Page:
“During times of universal deceit, telling the truth becomes a revolutionary act.” George Orwell


Saturday, April 29, 2006

Community Integration

This week I am headed up to Montreal for a conference on social inclusion of persons with disabilities, particularly those experiencing mental retardation. As I plan to attend the conference I am increasingly more confident about the role the Church has to play in the community integration of persons with disabilities and their families. It is pretty easy to make the case for Christian churches (and most other religious groups for that matter) as the place where disenfranchised, devalued individuals can find integration into the community.

If you think about the Church, it exists to worship and serve God, to do what is right as well as it can understand it, and to support its membership. We have also received a call to go out into the world and make disciples of all nations, so there is an outward focus as well. In each of these areas, the inclusion of persons with disabilties makes perfect sense. They worship God, they try to do what is right, and are quick to help others if given the opportunity. I have found that they also do what they can to speak to others about God, or at least have a positive witness. Through simple efforts on the part of the Church, community integration might also be facilitated.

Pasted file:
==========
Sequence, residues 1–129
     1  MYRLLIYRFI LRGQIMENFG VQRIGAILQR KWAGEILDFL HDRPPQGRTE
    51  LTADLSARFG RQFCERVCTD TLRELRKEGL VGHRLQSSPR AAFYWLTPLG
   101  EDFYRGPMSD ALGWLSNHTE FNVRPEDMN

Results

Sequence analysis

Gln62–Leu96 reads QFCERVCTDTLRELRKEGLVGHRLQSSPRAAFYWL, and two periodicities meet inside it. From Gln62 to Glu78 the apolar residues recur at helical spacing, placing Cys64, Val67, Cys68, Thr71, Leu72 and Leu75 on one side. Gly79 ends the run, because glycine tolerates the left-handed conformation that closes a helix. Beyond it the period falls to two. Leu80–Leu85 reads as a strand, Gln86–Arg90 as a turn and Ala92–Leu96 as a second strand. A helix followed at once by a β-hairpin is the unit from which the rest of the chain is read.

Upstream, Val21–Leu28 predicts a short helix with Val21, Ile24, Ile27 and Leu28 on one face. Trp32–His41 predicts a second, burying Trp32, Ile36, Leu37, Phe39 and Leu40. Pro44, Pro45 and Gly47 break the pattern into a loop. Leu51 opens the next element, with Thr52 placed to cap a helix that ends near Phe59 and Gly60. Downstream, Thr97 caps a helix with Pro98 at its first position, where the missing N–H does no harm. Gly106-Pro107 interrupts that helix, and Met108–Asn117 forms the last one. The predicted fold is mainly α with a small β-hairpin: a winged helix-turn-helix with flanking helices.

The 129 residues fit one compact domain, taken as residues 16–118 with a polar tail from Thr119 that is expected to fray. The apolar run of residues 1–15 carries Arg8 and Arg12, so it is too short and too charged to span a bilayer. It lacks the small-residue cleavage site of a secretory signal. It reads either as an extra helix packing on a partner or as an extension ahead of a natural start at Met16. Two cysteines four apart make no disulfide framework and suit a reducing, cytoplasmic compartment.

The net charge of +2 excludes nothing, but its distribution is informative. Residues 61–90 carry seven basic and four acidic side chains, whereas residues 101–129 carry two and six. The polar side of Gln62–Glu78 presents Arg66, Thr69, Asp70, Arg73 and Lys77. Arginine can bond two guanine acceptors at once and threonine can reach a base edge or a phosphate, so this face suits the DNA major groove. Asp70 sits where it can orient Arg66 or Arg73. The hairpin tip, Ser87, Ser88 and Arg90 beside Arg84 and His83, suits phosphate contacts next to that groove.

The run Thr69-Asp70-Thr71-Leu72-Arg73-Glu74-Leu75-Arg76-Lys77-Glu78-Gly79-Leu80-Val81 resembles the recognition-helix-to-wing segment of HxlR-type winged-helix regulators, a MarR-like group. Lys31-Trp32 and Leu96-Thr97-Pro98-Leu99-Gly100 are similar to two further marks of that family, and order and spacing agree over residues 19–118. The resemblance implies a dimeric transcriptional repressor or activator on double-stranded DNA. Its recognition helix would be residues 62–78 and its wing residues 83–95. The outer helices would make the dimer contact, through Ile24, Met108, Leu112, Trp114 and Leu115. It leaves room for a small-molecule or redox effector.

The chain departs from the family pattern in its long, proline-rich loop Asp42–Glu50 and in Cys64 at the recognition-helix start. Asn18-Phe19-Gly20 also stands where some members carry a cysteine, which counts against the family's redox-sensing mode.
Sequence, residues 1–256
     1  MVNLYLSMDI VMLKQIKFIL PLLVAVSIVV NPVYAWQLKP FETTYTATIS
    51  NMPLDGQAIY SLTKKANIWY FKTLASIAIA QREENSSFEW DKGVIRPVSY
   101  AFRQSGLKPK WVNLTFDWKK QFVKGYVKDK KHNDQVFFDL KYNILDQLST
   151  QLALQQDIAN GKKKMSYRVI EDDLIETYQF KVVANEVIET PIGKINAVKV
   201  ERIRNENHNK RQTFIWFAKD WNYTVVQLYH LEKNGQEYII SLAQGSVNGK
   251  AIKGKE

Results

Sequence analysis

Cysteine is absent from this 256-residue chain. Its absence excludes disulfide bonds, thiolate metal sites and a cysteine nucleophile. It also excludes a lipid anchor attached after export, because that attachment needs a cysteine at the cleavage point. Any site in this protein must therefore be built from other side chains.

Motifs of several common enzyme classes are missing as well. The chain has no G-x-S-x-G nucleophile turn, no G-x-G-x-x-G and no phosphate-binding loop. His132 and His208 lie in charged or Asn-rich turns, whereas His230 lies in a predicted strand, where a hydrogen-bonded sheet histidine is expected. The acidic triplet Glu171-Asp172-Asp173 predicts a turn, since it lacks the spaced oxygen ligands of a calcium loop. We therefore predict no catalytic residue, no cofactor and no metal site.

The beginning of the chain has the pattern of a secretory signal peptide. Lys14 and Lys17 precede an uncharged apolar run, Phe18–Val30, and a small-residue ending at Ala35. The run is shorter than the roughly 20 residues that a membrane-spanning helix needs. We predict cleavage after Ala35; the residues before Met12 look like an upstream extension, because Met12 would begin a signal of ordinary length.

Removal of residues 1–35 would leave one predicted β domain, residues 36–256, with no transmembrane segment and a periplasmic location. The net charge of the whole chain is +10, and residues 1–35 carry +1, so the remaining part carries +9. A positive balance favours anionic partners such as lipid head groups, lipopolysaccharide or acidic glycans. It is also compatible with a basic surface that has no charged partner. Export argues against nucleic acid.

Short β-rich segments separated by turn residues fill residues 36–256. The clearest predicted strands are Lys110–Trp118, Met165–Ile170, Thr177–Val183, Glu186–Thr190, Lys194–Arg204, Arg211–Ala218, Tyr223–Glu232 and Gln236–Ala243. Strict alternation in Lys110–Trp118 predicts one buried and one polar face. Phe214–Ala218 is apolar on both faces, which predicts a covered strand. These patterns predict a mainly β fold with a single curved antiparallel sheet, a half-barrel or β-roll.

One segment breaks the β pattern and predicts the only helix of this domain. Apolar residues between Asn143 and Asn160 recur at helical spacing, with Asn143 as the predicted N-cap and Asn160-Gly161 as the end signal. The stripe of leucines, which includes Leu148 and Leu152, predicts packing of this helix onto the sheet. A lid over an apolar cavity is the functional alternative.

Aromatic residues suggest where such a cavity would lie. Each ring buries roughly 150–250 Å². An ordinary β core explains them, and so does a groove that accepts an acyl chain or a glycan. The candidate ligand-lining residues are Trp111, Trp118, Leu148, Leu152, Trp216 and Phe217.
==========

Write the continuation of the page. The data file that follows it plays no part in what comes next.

The secular human service world is pretty much desperate to find ways in which persons with mental retardation can be integrated into the community. All the while, there is the ubiquitous presence of churches. Those in human services, particularly those in academia who prepare human service workers are often unchurched or have a negative perspective towards all things religious. On the other side, the Church is blind to persons with disabilities, quite often, and is blind toward things related to disability. Over the years, I have been trying to help the secular see the potential of things religious and the church to see the potential in things "disabled." God willing, one day, the two will come together and the outcome will be beneficial for all three. The secular will see the benefit of integration through the church, the church will see the benefit of being obedient to God in including persons with disability in the church and the persons experiencing disability will have the benefit of knowing what it is to be integrated into the community rather than being ignored or discriminated against. As I have said elsewhere, one day the involvement of persons with mental retardation in churches, their referral to a church by a secular agent of the state may become as obvious as taking an aspirin for a headache.

McNair

2 comments:

impossibleape said...

It certainly seems like a great opportunity. I hope churches take it up and run with it.

It may take a reorienting of perspectives for many pastors to see serving and integrating people with disabilities as a net positive to the church. That's why insights like you are providing should be on the agenda of every church looking to grow in numbers, in influence, in spiritual graces and in authentic ministry.

Anonymous said...

I was really impressed with the story about the man by the trash can swearing at people. it is so sad in our society how people are so quick to judge others and how unwilling people are to help. I personally am not afraid of approaching a person with a disablity or a homeless person to help them out with money or food. A lot of my friends think i am crazy because they assume the person will use the money for drug or that the person will try to hurt me. i however feel that if someone needs my help it is my job as a Christian to help them in any way i can.